8.2.1 Optimizing SELECT Statements

8.2.1.1 Speed of SELECT Statements
8.2.1.2 How MySQL Optimizes WHERE Clauses
8.2.1.3 Range Optimization
8.2.1.4 Index Merge Optimization
8.2.1.5 Engine Condition Pushdown Optimization
8.2.1.6 Index Condition Pushdown Optimization
8.2.1.7 Use of Index Extensions
8.2.1.8 IS NULL Optimization
8.2.1.9 LEFT JOIN and RIGHT JOIN Optimization
8.2.1.10 Nested-Loop Join Algorithms
8.2.1.11 Nested Join Optimization
8.2.1.12 Outer Join Simplification
8.2.1.13 Multi-Range Read Optimization
8.2.1.14 Block Nested-Loop and Batched Key Access Joins
8.2.1.15 ORDER BY Optimization
8.2.1.16 GROUP BY Optimization
8.2.1.17 DISTINCT Optimization
8.2.1.18 Subquery Optimization
8.2.1.19 Optimizing LIMIT Queries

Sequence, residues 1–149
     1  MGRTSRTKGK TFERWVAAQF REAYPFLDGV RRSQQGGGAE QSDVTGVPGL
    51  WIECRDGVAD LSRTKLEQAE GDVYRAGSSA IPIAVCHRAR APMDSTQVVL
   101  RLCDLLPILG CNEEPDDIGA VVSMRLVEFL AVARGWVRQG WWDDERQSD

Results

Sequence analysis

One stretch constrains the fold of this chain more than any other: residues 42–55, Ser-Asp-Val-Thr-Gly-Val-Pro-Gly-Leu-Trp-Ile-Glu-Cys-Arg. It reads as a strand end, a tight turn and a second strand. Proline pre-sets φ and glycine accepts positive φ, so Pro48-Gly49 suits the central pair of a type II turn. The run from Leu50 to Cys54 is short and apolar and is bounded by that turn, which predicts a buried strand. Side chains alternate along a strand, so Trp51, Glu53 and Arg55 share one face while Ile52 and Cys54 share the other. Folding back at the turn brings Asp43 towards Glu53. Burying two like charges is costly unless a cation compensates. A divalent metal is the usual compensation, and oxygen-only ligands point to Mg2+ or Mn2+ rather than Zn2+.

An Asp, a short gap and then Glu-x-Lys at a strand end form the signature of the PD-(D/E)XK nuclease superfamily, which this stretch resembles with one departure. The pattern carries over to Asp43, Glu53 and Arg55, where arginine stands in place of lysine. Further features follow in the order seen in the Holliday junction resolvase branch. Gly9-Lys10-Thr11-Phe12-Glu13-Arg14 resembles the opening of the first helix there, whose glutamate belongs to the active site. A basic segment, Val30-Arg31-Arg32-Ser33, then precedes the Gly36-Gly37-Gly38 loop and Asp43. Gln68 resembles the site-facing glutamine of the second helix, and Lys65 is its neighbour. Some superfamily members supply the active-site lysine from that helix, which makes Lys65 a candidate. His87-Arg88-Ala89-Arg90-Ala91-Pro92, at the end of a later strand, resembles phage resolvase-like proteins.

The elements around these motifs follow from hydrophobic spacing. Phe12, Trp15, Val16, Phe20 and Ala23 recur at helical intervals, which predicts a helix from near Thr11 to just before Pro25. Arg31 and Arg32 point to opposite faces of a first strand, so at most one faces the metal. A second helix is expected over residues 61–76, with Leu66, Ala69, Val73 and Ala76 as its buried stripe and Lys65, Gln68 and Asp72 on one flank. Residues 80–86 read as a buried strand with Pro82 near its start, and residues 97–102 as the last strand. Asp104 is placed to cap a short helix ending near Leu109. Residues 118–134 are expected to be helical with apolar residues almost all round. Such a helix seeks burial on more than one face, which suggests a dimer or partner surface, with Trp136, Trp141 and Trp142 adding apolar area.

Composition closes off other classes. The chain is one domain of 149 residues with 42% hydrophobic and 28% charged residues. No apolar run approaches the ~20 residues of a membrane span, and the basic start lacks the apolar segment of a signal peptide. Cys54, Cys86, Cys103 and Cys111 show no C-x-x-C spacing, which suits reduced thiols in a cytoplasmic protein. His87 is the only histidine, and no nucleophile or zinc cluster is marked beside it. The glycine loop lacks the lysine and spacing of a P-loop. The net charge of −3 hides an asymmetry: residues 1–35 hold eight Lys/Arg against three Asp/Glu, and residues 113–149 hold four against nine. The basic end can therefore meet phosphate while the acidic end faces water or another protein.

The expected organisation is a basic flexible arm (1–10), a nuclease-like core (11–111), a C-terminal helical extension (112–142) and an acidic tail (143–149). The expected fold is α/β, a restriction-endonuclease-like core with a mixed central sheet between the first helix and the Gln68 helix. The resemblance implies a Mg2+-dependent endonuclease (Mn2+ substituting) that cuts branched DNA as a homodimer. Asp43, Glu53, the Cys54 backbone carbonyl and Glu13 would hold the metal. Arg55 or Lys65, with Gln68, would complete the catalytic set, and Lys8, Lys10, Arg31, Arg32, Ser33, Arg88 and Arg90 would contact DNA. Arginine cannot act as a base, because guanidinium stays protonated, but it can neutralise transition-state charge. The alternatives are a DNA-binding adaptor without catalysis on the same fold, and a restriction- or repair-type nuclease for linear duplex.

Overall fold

8.2.1.20 How to Avoid Full Table Scans

Queries, in the form of SELECT statements, perform all the lookup operations in the database. Tuning these statements is a top priority, whether to achieve sub-second response times for dynamic web pages, or to chop hours off the time to generate huge overnight reports.

MySQL Cluster supports a join pushdown optimization whereby a qualifying join is sent in its entirety to MySQL Cluster data nodes, where it can be distributed among them and executed in parallel. For more information about this optimization, see Conditions for NDB pushdown joins,